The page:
Fourth, globalisation, the greater material and human integration of the global economy, is seriously under question. Nationalism is back with a vengeance, not as a harbinger of a new civic commitment, but as a new collective narcissism. Fifth, the balance of global power will also become uncertain. A world in which its leaders vie for attention on Twitter, around nuclear weapons and surgical strikes, is not a reassuring one. Sixth, even in the social space, new forms of communication have transformed our sense of self in ways whose implications are not clear. Social media has been empowering and democratising in some ways; it has been divisive and abusive in many others. But it has altered the boundaries of the public and the private, the sacred and the profane, the serious and the trivial in ways we still do not understand. Finally, it is not clear whether the incremental resolve the world had shown to save the planet from climate change will survive.
Such a moment of crisis can be a moment of regeneration; the opportunity to look beyond settled complacencies. But these challenges will not follow the rhythms of the calendar, or be amenable to individual resolve. If anything, the sense of isolation, the gap between our intentions and the shape of the world as it emerges, is only likely to grow. Gramsci’s ever prescient advice “pessimism of the intellect, optimism of the will” was made in the face of disappointment over the possibility of revolution, of the world taking shape in a way that conforms to our aspirations for it. The return of the “will” is in a sense a sign of disappointment with the world.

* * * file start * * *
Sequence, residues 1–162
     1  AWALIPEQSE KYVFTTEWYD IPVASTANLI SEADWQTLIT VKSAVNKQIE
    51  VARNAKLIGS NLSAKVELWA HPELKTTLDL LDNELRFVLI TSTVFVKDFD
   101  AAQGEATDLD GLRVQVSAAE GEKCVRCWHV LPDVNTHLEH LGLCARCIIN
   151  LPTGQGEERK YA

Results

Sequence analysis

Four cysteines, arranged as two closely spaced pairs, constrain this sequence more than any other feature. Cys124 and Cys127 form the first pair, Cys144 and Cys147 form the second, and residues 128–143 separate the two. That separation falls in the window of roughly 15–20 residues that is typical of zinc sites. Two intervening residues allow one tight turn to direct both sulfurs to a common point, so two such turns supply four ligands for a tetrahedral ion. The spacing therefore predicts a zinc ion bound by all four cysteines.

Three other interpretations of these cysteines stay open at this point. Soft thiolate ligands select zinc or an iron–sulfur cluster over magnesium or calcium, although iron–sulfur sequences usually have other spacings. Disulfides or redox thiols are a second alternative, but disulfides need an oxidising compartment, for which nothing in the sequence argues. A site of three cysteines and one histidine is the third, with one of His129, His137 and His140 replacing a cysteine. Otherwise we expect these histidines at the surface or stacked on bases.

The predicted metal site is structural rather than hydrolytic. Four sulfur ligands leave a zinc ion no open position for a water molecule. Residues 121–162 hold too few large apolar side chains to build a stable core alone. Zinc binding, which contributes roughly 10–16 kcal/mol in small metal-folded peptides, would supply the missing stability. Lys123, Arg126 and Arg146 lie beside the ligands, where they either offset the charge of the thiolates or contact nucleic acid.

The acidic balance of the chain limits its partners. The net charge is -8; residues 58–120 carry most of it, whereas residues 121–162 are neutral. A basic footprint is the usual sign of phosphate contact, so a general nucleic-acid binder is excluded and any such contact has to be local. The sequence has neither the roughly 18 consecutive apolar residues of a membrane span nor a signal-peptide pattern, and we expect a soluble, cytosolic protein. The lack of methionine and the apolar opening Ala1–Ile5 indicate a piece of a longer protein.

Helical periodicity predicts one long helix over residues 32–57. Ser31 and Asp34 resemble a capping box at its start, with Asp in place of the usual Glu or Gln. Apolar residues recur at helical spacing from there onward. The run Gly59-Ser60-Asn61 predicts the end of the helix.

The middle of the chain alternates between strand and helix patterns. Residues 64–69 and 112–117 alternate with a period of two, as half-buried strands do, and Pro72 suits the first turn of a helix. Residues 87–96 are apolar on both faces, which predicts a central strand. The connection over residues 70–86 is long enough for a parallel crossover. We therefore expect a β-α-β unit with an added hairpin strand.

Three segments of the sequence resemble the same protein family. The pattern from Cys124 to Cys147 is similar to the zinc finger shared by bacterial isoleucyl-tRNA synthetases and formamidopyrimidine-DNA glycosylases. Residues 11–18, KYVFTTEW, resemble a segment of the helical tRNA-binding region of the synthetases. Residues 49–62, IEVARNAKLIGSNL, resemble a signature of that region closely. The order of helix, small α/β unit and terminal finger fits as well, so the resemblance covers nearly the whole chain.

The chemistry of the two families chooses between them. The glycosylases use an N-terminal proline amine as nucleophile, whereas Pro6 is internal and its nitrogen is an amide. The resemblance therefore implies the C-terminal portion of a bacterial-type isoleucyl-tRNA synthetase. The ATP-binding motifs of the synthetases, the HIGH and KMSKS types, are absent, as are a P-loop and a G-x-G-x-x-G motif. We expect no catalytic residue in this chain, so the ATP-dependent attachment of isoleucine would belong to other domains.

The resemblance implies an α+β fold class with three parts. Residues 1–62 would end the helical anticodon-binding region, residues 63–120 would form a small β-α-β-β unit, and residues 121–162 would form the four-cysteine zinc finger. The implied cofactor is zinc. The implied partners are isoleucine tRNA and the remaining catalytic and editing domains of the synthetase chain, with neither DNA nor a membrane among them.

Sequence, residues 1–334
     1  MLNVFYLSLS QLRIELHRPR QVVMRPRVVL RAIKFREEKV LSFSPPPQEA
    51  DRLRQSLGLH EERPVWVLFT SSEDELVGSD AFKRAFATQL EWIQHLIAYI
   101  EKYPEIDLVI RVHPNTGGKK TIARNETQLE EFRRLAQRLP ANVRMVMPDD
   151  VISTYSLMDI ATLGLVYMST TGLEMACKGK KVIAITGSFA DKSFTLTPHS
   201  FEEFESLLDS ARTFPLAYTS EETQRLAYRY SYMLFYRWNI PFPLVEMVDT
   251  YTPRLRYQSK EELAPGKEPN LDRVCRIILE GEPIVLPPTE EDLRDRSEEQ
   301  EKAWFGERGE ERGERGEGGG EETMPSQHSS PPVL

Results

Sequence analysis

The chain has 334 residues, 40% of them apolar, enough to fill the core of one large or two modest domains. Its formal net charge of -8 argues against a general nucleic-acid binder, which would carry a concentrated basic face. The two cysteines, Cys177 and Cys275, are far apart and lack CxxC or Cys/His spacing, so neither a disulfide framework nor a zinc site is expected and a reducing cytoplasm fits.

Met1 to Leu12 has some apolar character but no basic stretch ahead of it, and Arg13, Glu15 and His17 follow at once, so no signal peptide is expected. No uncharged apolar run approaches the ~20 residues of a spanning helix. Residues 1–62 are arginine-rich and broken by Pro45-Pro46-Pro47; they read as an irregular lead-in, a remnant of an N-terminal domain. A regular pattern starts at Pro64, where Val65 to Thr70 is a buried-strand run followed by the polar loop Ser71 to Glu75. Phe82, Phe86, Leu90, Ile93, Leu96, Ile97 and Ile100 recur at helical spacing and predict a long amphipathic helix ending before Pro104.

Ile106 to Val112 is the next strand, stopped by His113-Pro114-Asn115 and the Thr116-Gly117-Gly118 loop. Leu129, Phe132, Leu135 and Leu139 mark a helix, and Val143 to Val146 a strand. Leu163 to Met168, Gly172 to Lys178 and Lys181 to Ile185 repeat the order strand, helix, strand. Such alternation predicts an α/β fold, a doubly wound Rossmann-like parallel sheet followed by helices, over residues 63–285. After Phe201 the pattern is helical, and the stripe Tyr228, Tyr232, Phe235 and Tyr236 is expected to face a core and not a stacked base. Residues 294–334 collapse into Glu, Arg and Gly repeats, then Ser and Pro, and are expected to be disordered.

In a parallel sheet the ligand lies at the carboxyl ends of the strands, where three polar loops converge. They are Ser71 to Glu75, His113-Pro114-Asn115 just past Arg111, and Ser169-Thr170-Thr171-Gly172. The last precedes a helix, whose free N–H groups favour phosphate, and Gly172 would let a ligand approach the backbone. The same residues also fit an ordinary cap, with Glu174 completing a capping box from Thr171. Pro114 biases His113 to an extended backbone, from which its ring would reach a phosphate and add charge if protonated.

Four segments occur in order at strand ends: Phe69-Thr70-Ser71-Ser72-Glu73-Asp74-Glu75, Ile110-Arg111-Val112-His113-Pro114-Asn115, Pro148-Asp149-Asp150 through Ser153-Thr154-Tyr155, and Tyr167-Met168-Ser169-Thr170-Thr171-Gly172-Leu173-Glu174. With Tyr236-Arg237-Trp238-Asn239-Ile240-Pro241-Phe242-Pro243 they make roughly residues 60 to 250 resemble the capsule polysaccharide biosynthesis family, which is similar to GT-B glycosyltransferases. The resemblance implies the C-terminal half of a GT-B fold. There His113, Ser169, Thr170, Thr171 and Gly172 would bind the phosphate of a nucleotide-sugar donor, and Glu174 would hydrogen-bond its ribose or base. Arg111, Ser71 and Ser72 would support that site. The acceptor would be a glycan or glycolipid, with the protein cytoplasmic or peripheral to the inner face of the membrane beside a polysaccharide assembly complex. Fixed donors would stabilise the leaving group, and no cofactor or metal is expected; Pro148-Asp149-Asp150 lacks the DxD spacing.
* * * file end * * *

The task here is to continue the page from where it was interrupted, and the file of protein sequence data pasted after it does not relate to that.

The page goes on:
We can no longer trust ordinary politics, with its messy compromises, procedures and mediations. We no longer trust language, since common meanings have been eroded under the weight of partisan misunderstandings. We no longer trust the intellect and reason: They are too elitist and compromised. We no longer trust institutions since they are too corrupt. Perhaps this is a reason why we are looking for saviours and redeemers, leaders who by sheer dint of will can change our politics. When the intellect suggests a world of difficulty and complexity, the only way out is acts of assertion that can remind us of our power to act on the world.
So, the convulsions of 2016 were not about recovering a new idealism, a new sociability. It was about looking for exemplars of “optimism of the will,” leaders who promise to amass power in themselves to stamp their authority on the world. Our fates are in the hands of Supreme Leaders; 2017 will be a test for how well-founded or misplaced this faith has been; is this “triumph of the will” a road to paradise or perdition?” And if the latter, what is plan B?
But we still have our new year’s resolutions. Oh wait! It turns out in 2016 we are not even sure whether our new year resolution should involve cutting cholesterol as sharply as we thought we were supposed to. And social scientists are telling us we don’t understand happiness. Happy New Year anyway!
The writer is president, CPR Delhi and contributing editor, ‘The Indian Express’